Elizabeth War­ren launches bid for pres­i­dency

Se­na­tor takes up pop­ulist themes in first cam­paign event

Albuquerque Journal - - NATION - BY ELANA SCHOR

LAWRENCE, Mass. — Demo­cratic Sen. Elizabeth War­ren made her bid for the pres­i­dency of­fi­cial Satur­day in this work­ing­class city, ground­ing her 2020 cam­paign in a pop­ulist call to fight eco­nomic in­equal­ity and build “an Amer­ica that works for ev­ery­one.”

War­ren de­liv­ered a sharp call for change at her pres­i­den­tial kick­off, de­cry­ing a “mid­dle-class squeeze” that has left Amer­i­cans crunched with “too lit­tle ac­count­abil­ity for the rich, too lit­tle op­por­tu­nity for ev­ery­one else.” She and her back­ers hope that mes­sage can dis­tin­guish her in a crowded Demo­cratic field and help her move past the con­tro­versy sur­round­ing her past claims to Na­tive Amer­i­can her­itage.

Weav­ing spe­cific pol­icy pre­scrip­tions into her re­marks, from Medi­care for All to the elim­i­na­tion of Wash­ing­ton “lob­by­ing as we know it,” War­ren avoided tak­ing di­rect jabs at Pres­i­dent Don­ald Trump. She aimed for a broader in­sti­tu­tional shift in­stead, urg­ing sup­port­ers to choose “a gov­ern­ment that makes dif­fer­ent choices, choices that re­flect our val­ues.”

Trump “is not the cause of what’s bro­ken,” War­ren told an elated crowd with­out us­ing the pres­i­dent’s name. “He’s just the lat­est — and most ex­treme — symp­tom of what’s gone wrong in Amer­ica.”

In a tweet, Trump ref­er­enced the con­tro­versy over her Na­tive Amer­i­can iden­tity, once again us­ing the in­sult­ing nick­name he’s given her.

“To­day Elizabeth War­ren, some­times re­ferred to by me as Poc­a­hon­tas, joined the race for Pres­i­dent,” Trump tweeted. “Will she run as our first Na­tive Amer­i­can pres­i­den­tial can­di­date, or has she de­cided that after 32 years, this is not play­ing so well any­more? See you on the cam­paign TRAIL, Liz!”

War­ren an­nounced her cam­paign in her home state of Mas­sachusetts at a mill site where fac­tory work­ers went on strike in the early 20th cen­tury, a fit­ting fo­rum for the long­time con­sumer ad­vo­cate to ad­vance her plat­form.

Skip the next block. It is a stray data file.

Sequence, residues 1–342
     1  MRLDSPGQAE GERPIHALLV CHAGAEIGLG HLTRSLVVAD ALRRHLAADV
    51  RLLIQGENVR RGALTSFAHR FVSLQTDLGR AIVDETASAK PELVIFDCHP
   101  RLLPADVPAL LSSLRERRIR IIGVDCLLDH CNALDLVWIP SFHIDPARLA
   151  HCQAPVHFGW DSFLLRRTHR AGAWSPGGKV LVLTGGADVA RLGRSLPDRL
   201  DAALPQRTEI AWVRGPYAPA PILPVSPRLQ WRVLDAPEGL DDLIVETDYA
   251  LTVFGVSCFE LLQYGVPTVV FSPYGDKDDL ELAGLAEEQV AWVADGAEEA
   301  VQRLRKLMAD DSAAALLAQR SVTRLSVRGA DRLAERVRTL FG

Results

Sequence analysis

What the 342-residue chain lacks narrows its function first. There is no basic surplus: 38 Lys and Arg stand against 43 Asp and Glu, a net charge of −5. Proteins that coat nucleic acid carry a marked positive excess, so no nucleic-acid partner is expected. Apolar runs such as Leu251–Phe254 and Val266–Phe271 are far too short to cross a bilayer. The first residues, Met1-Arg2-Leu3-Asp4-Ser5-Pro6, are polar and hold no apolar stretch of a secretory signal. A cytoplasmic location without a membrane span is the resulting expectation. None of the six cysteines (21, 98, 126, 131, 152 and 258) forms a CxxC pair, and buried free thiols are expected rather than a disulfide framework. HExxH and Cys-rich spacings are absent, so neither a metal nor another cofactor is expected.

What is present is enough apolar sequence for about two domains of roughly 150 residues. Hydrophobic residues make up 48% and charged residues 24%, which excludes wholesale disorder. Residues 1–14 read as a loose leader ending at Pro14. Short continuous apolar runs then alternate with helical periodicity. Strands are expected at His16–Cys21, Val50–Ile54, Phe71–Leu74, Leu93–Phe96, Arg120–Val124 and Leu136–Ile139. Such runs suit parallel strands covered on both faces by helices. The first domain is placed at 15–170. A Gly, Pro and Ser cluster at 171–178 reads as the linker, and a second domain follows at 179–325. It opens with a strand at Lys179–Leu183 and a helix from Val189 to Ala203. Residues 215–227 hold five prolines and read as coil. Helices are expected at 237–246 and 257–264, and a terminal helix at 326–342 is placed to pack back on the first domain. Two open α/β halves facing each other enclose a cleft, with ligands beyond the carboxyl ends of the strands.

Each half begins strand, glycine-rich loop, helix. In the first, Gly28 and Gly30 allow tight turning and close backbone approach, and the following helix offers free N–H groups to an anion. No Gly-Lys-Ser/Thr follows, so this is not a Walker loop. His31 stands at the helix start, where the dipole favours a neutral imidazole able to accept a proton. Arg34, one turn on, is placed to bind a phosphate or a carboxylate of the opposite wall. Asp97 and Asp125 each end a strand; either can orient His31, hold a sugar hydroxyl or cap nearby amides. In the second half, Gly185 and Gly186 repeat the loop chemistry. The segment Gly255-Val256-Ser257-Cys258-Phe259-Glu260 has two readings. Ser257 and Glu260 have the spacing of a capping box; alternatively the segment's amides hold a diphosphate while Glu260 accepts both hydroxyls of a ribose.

Sup­port­ers turned out in be­low-freez­ing tem­per­a­tures, many hoist­ing signs. “Win With War­ren,” one read. A Mas­sachusetts bak­ery cre­ated “Per­sist” cook­ies for the event to honor the can­di­date’s slo­gan, “Nev­er­the­less, She Per­sisted,” words first spo­ken in the Se­nate to re­buke her.

War­ren’s roll­out rally was a po­tent mo­ti­va­tor for long­time sup­port­ers such as Mo Malekafzaly and Car­los Gar­cia, two long­time back­ers who at­tended her rally from Shrews­bury, Mass.

The choice of Lawrence to start her cam­paign “shows who she’s fight­ing for,” Gar­cia said. Asked if fel­low New Eng­lan­der Sen. Bernie San­ders, a Ver­mont in­de­pen­dent, could pose a se­ri­ous threat to War­ren in New Hamp­shire’s crit­i­cal pri­mary should he get into the race, Gar­cia said War­ren is “such an ef­fec­tive com­mu­ni­ca­tor that I think that peo­ple will re­spond to that very well.”

War­ren went straight from her kick­off to New Hamp­shire, home to the na­tion’s first pri­mary, where her cam­paign pro­jected that 350 peo­ple turned out for an event in the city of Dover. She plans to spend Sun­day in Iowa, where the lead­off cau­cuses will be the first test of can­di­dates’ vi­a­bil­ity.

War­ren was the first high-pro­file Demo­crat to sig­nal in­ter­est in run­ning for the White House, form­ing an ex­ploratory com­mit­tee on New Year’s Eve.

She was en­dorsed and in­tro­duced Satur­day by Mas­sachusetts Democrats Sen. Ed Markey and Rep. Joe Kennedy III. Kennedy’s back­ing could prove valu­able for War­ren, given his sta­tus as a ris­ing young Demo­cratic star and his friend­ship with one of her po­ten­tial 2020 ri­vals, for­mer Rep. Beto O’Rourke, D-Texas.

War­ren en­ters the race as one of the party’s most rec­og­niz­able fig­ures. She has spent the past decade in the na­tional spot­light, first emerg­ing as a con­sumer ac­tivist dur­ing the fi­nan­cial cri­sis. She later led the con­gres­sional panel that over­saw the 2008 fi­nan­cial in­dus­try bailout. After Repub­li­cans blocked her from run­ning the Con­sumer Fi­nan­cial Pro­tec­tion Bureau, an agency she helped cre­ate, she ran for the Se­nate in 2012 and un­seated a GOP in­cum­bent. She has $11 mil­lion left over from her com­mand­ing 2018 Se­nate re-election vic­tory that can be used on her pres­i­den­tial run.

Still, War­ren must com­pete against other pop­u­lar Democrats who will be able to raise sub­stan­tial money. A re­cent CNN poll found that fewer Democrats said they’d be very likely to sup­port War­ren if she runs than said the same of for­mer Vice Pres­i­dent Joe Bi­den, Sen. Ka­mala Har­ris of Cal­i­for­nia and San­ders. Still, about as many Democrats said they’d be at least some­what likely to sup­port War­ren as said the same of Har­ris or San­ders.

And War­ren’s launch comes at a chal­leng­ing mo­ment for the 69-year-old se­na­tor. She’s apol­o­gized twice over the past two weeks for claim­ing Na­tive Amer­i­can iden­tity on mul­ti­ple oc­ca­sions early in her career. That claim has cre­ated fod­der for Repub­li­cans and could over­shadow her cam­paign.

ELISE AMEN­DOLA/ASSOCIATED PRESS

Sen. Elizabeth War­ren, D-Mass., ac­knowl­edges cheers as she takes the stage dur­ing an event to for­mally launch her pres­i­den­tial cam­paign Satur­day in Lawrence, Mass.

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